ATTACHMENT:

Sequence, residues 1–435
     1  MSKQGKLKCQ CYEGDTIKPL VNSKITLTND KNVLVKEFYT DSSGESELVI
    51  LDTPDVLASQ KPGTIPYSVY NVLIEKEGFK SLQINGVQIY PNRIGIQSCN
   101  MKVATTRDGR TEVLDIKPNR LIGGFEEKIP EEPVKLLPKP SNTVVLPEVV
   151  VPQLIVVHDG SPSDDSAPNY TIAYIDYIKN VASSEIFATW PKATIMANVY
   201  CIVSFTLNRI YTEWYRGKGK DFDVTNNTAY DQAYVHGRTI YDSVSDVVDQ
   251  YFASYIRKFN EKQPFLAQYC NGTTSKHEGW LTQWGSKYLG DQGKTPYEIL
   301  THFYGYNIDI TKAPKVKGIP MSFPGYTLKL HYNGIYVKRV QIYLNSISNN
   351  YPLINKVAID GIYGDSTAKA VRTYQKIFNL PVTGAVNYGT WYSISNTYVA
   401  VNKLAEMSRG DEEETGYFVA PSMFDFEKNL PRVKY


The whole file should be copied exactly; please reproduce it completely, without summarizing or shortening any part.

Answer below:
Sequence, residues 1–435
     1  MSKQGKLKCQ CYEGDTIKPL VNSKITLTND KNVLVKEFYT DSSGESELVI
    51  LDTPDVLASQ KPGTIPYSVY NVLIEKEGFK SLQINGVQIY PNRIGIQSCN
   101  MKVATTRDGR TEVLDIKPNR LIGGFEEKIP EEPVKLLPKP SNTVVLPEVV
   151  VPQLIVVHDG SPSDDSAPNY TIAYIDYIKN VASSEIFATW PKATIMANVY
   201  CIVSFTLNRI YTEWYRGKGK DFDVTNNTAY DQAYVHGRTI YDSVSDVVDQ
   251  YFASYIRKFN EKQPFLAQYC NGTTSKHEGW LTQWGSKYLG DQGKTPYEIL
   301  THFYGYNIDI TKAPKVKGIP MSFPGYTLKL HYNGIYVKRV QIYLNSISNN
   351  YPLINKVAID GIYGDSTAKA VRTYQKIFNL PVTGAVNYGT WYSISNTYVA
   401  VNKLAEMSRG DEEETGYFVA PSMFDFEKNL PRVKY